Sure thereis ethicial standards and moral standards involved in all this game of cards. Now answer me this question? Does anybody liked to be duped What do you believe that video was all about. My dad happened to be a banker in the thirties. And yes he told me a bit about a lot of this as I was growing up.Believe it or not the state own’s everything is you really want to know the cold hard facts, and yes we no long have a constution or bill of rights like they were mean’t to be. We do longer have certain uninalenable rights. Those are long gone.
    Its the power of those who want to be big man on campus and play this power play on others such as duping in a lot of these sex registry encounters. We should all learn from movies like.. silence of the lamb code of honor or even the shawshank redemption… either get on living or get on dying. This collecting data stuff and all this science theory is a bunch of crap anyway to get taxpayers money. Even some of this sex therspy stuff or sex classes are a bunch of gunk. Seems man wants to dominate others in all this sexual lifetime control. So are we still in war. So this is Christmas and what have you done, or is the war over. Its time to stand up to all this witch hunt.

  • #30043 Reply

    Bud

    There will be no lessening of SO registry laws anytime soon.
    Many RSO’s will languish under these laws until we die. This nation grow continually more harsh, unjust, and totalitarian. There will registries (and prisons) for many and various offenses before it’s over

  • #30070 Reply

    Saddles

    Ah these morden day witch hunts, I am sure everybody could do without them. All this witch hunt is nothing new as it goes back to biblical times when Jesus was betrayed. Did not they Plot against Paul. Conspircy theory or an extortion to get rich scheme while under the guise of public safety. I’m glad I didn’t have or send any porn as they suggested and my computer was clean as they said.
    Now I talk about the bible at times on here but all of us share one thing in common on here I even share that with that police officer, and you all do also, that arrested me. We are all sinners. Sure understanding all this witch hunt is good. Computers are good if one uses them in the right way and who hasn’t had a little spice in their life or a little sexual potty chat. Are these witch hunts a invasion of overcoming another in this battle of those that want to conqure another.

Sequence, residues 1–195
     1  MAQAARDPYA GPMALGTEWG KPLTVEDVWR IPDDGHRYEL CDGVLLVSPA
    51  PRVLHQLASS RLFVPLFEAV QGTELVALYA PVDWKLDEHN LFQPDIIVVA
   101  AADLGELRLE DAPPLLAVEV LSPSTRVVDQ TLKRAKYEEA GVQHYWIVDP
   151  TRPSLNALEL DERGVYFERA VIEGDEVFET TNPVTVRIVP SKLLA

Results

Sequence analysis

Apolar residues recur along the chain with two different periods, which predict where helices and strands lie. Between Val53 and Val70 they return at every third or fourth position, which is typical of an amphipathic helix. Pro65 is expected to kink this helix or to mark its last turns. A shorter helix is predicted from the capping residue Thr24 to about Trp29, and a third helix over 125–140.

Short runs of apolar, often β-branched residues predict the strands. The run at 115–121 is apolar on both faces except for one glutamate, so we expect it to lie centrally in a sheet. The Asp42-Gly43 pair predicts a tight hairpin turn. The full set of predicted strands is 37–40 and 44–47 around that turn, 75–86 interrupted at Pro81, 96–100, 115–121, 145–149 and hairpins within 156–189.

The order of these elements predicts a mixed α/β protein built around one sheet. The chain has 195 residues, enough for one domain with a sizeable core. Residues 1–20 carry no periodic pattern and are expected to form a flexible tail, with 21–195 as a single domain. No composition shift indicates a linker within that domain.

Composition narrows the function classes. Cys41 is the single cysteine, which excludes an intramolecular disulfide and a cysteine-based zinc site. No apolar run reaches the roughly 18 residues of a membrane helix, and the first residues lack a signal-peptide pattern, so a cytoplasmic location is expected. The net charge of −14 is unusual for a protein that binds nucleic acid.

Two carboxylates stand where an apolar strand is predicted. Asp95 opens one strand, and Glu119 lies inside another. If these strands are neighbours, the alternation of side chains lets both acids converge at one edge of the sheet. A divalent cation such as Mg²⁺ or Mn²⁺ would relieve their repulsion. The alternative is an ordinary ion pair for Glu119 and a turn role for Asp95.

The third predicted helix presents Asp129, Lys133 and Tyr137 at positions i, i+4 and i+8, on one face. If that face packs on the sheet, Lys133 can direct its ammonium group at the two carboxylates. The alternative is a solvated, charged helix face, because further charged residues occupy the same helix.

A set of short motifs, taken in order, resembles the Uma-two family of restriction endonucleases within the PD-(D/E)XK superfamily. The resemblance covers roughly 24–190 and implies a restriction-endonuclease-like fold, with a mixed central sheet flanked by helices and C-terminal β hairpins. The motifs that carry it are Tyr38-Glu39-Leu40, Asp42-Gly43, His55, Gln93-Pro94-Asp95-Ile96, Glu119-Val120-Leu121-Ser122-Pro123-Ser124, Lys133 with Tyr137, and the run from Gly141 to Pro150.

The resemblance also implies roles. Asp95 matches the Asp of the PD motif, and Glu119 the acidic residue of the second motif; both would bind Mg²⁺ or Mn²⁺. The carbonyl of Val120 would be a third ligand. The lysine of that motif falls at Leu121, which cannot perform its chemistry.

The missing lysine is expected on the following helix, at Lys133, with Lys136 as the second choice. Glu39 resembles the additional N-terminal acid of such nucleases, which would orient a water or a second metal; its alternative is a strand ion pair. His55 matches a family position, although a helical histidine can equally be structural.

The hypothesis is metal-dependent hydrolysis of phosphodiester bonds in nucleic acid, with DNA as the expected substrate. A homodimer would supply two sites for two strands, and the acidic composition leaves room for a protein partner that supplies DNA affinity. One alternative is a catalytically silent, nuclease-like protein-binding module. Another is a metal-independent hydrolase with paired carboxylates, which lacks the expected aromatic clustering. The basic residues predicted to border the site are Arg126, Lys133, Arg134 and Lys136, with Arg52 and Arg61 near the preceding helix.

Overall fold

Most all of you on here seem to be scared and rattled by all this. Well we all should be and speak out as that stop the crime video is wanting to let people of the underhanded control of Goverment is. Why do you think Rome fell? Now to do any of these internet sex schemes one has to lie. Would one say the one presenting the opportunity is just as guilty when confronted with his uncovering notion of the truth? Oh yes when being uncovered authorities will do anything to cover their butts so to speak even giving plea bargains.
    So those on here shouldn’t worry to much as it seems everybody on here is into this fear factor stuff. I will say yes they will be a reprive of a lot of this sex offender ordeal and constutitional rights. As far as these sexual harrassments things go and this money greed thing goes there is always going to be greed and women are wanting to dominate in certain instances, to get money, recognition, speak out or what. Ever since the garden of eden thats how its been.

  • #30076 Reply

    mike

    It just proves that America is run by savage apes who are obsessed with sex and themselves even more perverted than the ones that they put on the registry. The only way to stay out of trouble is to become part of the legal criminal gang which is law enforcement.

  • #30077 Reply

    mike

    The truth is all men are perverts in one way or another. The truth was told back in 1890 before sexual politics became all the rage. The legal age when Lincoln was president was 7 to 10 years old.

    • #30098 Reply

      Maestro

      Mike,

      I doubt that the legal age was that low in the USA.
      The lowest age of consent our country had when it was being colonized was 13.

      • #30111 Reply

        Mike candela

        just google it dude..it will tell you?

  • #30108 Reply

    Tim Lawyer

    PYRE OR PILLORY,

    Each of these ancient punishments were conceived by authority, administered by authority, potently publicized as a “cure all” for social ills and forthwith utilized by authority. The Kings justifications are always the same.:
    1. Assists the authority and law enforcement.
    2. To protect the public.

    Eventually, through obvious misuse, the common folk come to understand that the use is inherently destructive to civil society and not in their best interest. Ultimately each method is dispatched by common folk as abhorrent thinking.